WASHINGTON – Mounting counter-terrorism strikes against ISIS-K terrorists, like Friday’s drone strike east of Kabul, are likely to continue but will become increasingly difficult, experts say.
That’s because, after the U.S. military completes its retreat from Afghanistan in coming days after 20 years of war, intelligence leads will diminish and missions will have to be conducted from greater distances.
The issue has heightened relevance after Thursday’s ISIS-K suicide attack at Hamid Karzai International Airport that killed 13 U.S. troops and at least 169 Afghans.
“The reality is that the United States has put itself in a terrible situation to conduct a sustained campaign against the Islamic State and other terrorist groups in Afghanistan,” said Seth Jones, a foreign policy expert at the Center for International and Strategic Studies and former adviser to the military in Afghanistan. “It will have no bases in the region, no allies on the ground, and little intelligence infrastructure.”
Friday night’s strike, Army Maj. Gen. William Taylor said Saturday, killed two ISIS-K terrorists, describing them as planners and facilitators. Taylor did not define what their roles were. The two were riding in a vehicle when it was struck, a U.S. official said.
Latest Afghanistan updates:Pentagon says two ISIS-K members killed in drone strike, updating from previous death toll
Pentagon press secretary John Kirby declined to identify the base from which the drone was launched, saying only it had come from “over the horizon.” The Pentagon and White House have adopted that nebulous phrase in describing how they plan to prosecute their campaign from afar against terrorist groups that operate in Afghanistan.
The drone used in Friday’s attack could have been an MQ-9 Reaper, whose presence over Kabul was revealed Thursday by Marine Gen. Kenneth McKenzie, the head of Central Command. McKenzie noted that the Reaper and other aircraft have been providing surveillance near the airport.
For years, the military and CIA had flown drones from bases in Afghanistan and Pakistan and used them to strike terrorists in the rugged terrain of eastern Afghanistan and some parts of Pakistan. It is that region where ISIS-K leadership and fighters are based and where more retaliatory strikes are likely to occur, said retired Army Maj. Gen. Mark Quantock, who oversaw military intelligence for Central Command.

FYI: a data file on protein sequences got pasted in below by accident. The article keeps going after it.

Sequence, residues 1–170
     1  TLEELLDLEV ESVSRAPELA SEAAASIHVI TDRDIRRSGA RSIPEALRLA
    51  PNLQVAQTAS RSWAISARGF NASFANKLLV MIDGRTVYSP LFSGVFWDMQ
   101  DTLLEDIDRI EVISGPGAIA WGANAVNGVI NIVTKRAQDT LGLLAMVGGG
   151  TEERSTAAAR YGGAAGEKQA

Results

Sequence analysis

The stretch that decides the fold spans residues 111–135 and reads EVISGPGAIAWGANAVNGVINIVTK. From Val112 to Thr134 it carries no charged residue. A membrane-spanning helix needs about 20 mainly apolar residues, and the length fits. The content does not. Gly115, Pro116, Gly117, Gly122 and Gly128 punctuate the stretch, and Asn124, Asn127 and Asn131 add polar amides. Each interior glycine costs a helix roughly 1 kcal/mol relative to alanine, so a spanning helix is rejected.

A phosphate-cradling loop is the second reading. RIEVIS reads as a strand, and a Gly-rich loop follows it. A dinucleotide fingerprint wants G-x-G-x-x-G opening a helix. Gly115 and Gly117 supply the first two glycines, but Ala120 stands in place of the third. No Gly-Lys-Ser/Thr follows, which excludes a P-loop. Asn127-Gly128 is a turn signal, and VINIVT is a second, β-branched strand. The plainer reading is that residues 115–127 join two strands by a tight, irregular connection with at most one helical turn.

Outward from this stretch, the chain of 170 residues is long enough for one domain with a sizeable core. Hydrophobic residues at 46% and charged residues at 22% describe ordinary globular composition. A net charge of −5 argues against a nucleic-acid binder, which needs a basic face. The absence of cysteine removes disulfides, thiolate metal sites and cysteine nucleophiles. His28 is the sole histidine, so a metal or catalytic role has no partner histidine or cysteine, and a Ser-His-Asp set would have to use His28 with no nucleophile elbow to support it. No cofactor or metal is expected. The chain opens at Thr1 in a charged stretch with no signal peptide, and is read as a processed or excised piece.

What the US likely knows about ISIS-K
“We likely know who the leadership is and generally where they operate,” he said, referring to the provinces of Kunar and Nangarhar, where Friday’s strike took place. “We also likely know where their training sites are. We’ve actually hit them there before – multiple times.”
Because the Taliban and ISIS-K are sworn enemies, U.S. intelligence officials had tailed the Taliban, watched them fight with ISIS-K, “and then rolled in and struck them,” Quantock said. He estimates there are no more a few thousand ISIS-K fighters. The Taliban has opened prisons run by the toppled Afghan government and released some ISIS-K militants along with their own fighters.
Identifying and targeting terrorists like those killed Friday had relied in part on intelligence collected by U.S. troops on the ground using information provided by allies, Quantock said. After the withdrawal, the U.S. military will have neither.
“Our ability to develop and refine intelligence targets just got a whole lot harder,” he said.
Longer distances to reach Afghanistan
Reaching land-locked Afghanistan further complicates counter-terrorism missions, Jones said. An attempt to negotiate a base in central Asia, such as Uzbekistan, apparently has been thwarted. That means flying missions from ships in the Indian Ocean or bases in the Persian Gulf. Neither option is ideal, he said.
“It takes a Reaper some 12 hours to fly round-trip from Al Udeid Air Base in Qatar to Afghanistan over Pakistani territory, giving it several hours of flying time in Afghanistan to conduct intelligence and strike missions,” he said.
Bombers could be used, too, said Michael O’Hanlon, a defense expert at the Brookings Institution. But the intelligence needed to launch airstrikes would likely have to come from the Taliban.
One reason for ending the war in Afghanistan, President Joe Biden has said, is the need to confront terrorist groups in other parts of the world. He has referred to the threat as “metastasizing.”
In some of those places, such as Yemen, Somalia, Libya, Syria, and Iraq, Jones said, the United States has local partners, nearby bases, and substantial capabilities to collect intelligence from people and to intercept communications.
Not so in Afghanistan, he said.
“This is a much worse position than almost anywhere else in the world where the U.S. has conducted a counter-terrorism campaign,” Jones said. “In soccer terms, we call this an ‘own goal.’”